“The city said we’re not taking the monument down, so how do we preserve this monument and present its meaning for as many people as possible?” he said was the committee’s mission.
Lifelong St. Augustine resident Jill Pacetti says she was completely on board with the concept when she first heard about it.
Pacetti’s interest is visceral. One of the Confederate soldiers whose name is on the monument, Eusebio Pacetti, is her cousin four times removed. Eusebio Pacetti fought in one of the Seminole wars and was drafted into the Civil War for the Confederate side. He died in 1864.
“It’s a war memorial, and there’s nothing offensive about that,” she says. “These men – their lives mattered, and that’s how we remembered them.”
Pacetti says she was relieved to learn that the monument wouldn’t be removed, and initially didn’t have any issues with the forming the contextualization committee. But her mood turned sour, she says, when she learned that the plan would be to add four plaques, placed at the base of each side of the memorial. Those plaques will now share a brief story from civil war history, with the headings, Freedom, Sacrifice, Memory and Interpret.
It’s the language in that Interpret plaque (subtitled “Changing View of the Monument”) that irks Pacetti. It begins this way:
“The public’s response to the display of Confederate monuments from the 1870s through the Civil Rights era and beyond remains deeply personal, emotional, and divisive. Some view this memorial as a noble reminder of personal sacrifice; others interpret it as a painful reminder of the re-assertion of white supremacy.”
“I think that is a total desecration on these men’s names and their memories,” Pacetti says of the reference to white supremacy.
“I can see why some people would object to that language,” says Thomas Graham, a professor emeritus of history at Flagler College and one of the seven members of the contextual committee. “And I can see why some people say the language is right on.”
Graham says St. Augustine has always respected its history and says he’s personally glad the monument won’t be removed. He says he’s also appreciative that the city has taken its time to add words to it to help people understand it.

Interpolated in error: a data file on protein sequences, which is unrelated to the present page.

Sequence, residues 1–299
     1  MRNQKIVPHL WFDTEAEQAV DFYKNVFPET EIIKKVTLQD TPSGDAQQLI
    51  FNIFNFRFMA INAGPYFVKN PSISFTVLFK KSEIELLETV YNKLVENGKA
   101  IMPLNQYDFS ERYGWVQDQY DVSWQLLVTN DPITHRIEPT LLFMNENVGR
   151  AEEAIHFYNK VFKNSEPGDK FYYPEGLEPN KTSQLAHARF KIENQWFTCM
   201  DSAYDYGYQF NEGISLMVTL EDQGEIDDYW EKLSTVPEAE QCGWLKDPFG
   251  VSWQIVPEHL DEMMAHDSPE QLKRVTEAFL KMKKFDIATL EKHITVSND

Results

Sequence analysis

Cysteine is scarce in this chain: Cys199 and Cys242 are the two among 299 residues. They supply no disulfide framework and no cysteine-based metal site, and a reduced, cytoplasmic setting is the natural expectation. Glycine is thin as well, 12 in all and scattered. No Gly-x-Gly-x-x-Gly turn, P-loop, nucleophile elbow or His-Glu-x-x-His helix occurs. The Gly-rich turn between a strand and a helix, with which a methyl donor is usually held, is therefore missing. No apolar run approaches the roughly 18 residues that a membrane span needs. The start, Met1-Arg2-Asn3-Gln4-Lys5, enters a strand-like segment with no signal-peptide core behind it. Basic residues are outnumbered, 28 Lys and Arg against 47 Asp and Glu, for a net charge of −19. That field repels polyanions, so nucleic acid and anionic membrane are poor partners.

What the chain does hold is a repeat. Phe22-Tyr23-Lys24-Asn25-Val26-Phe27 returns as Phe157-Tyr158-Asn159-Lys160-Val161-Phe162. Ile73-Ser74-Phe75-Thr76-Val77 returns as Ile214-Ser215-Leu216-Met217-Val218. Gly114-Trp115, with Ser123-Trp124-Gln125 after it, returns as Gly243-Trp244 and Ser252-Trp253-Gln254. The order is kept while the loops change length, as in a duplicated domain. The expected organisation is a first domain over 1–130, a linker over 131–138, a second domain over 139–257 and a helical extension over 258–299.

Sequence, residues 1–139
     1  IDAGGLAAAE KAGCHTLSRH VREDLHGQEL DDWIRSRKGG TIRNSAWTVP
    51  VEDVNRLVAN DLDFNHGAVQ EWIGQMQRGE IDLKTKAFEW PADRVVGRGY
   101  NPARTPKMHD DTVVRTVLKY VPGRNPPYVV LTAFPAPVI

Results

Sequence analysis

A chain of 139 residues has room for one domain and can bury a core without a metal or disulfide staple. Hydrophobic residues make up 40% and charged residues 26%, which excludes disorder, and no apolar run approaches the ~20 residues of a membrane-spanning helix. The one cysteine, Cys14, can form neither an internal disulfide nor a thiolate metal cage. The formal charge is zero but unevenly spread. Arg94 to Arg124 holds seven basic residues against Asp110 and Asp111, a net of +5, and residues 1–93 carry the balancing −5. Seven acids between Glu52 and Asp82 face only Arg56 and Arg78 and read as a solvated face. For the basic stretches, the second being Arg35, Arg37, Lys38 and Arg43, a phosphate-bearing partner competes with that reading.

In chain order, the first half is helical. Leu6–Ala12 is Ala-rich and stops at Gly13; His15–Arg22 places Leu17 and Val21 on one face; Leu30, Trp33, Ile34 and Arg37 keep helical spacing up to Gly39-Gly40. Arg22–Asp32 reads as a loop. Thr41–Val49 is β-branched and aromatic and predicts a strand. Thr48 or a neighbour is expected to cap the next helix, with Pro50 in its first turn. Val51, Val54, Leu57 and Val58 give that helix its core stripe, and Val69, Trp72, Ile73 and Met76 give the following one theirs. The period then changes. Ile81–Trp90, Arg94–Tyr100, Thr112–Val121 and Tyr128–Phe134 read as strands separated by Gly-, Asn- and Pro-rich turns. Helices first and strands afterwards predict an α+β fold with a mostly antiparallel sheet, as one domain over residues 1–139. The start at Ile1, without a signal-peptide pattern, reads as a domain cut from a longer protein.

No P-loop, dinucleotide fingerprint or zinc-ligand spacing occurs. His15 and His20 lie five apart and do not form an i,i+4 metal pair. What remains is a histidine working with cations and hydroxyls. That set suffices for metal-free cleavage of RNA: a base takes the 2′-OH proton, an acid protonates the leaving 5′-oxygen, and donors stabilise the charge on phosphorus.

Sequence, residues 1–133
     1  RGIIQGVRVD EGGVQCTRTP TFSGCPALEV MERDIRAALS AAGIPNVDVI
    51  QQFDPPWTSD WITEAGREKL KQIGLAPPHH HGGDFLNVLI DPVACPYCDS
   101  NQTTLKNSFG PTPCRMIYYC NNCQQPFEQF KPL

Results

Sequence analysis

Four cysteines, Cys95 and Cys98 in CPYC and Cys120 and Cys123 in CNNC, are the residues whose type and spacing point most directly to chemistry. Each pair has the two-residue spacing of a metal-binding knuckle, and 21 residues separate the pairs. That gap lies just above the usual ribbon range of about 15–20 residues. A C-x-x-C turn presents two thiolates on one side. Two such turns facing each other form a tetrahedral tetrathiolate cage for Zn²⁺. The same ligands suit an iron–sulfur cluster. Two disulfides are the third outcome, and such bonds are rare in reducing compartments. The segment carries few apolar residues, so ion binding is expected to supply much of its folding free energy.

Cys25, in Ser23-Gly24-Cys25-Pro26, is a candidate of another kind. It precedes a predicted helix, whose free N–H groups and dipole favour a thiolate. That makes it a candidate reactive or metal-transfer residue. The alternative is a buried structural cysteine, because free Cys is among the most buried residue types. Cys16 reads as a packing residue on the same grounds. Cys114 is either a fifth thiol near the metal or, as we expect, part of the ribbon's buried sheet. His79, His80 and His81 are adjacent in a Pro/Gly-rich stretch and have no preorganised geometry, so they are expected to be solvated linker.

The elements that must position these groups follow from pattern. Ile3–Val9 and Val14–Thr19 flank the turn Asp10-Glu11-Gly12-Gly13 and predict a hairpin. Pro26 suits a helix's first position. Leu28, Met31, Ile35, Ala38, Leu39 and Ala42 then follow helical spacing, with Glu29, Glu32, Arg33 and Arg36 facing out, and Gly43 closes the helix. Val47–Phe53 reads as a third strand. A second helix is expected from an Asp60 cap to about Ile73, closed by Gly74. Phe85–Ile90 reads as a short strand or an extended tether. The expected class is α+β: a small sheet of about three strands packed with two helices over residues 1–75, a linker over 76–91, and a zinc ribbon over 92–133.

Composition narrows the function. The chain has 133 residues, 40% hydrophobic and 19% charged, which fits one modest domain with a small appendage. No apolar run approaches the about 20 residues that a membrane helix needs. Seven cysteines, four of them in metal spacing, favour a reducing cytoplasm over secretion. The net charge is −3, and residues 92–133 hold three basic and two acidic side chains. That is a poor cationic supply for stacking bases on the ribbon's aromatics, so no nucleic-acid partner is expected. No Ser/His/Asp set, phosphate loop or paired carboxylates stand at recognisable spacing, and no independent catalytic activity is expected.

The discussion in St. Augustine takes place a year after several communities in Florida debated and ultimately removed Confederate monuments.
Nowhere was the topic more discussed than in Hillsborough County, where the county commission initially voted to keep a controversial statue that had stood in front of its courthouse for nearly a century. A month later, it voted to remove it, and then a month after that changed course again, voting to keep it in place unless the public could finance half of the $280,000 required to remove it (which they did, raising the sum less than 48 hours after that third vote.)
Save Southern Heritage, an advocacy group in support of Confederate monuments, released a statement on Sunday criticizing Rev. Rawls protest on the fourth of July, claiming that a “study” of the march revealed that half of the protestors were from out of town. The group raised similar objections regarding citizens who protested the Confederate monument in Hillsborough County.
State and local governments have removed at least 110 publicly-supported Confederate monuments and symbols since the 2015 mass shooting in Charleston, South Carolina that saw Dylann Roof kill nine African-Americans in a church, but more than 1,700 remain, according to a report published last month by the Southern Poverty Law Center.
When asked if he believes tonight’s meeting might be contentious, Professor Butler said there’s no way to appeal to everyone’s interpretation of what the Confederate monument represents.
“I want to appeal to those who want to understand the history as presented through as objective a prism as possible given the issue,” he says.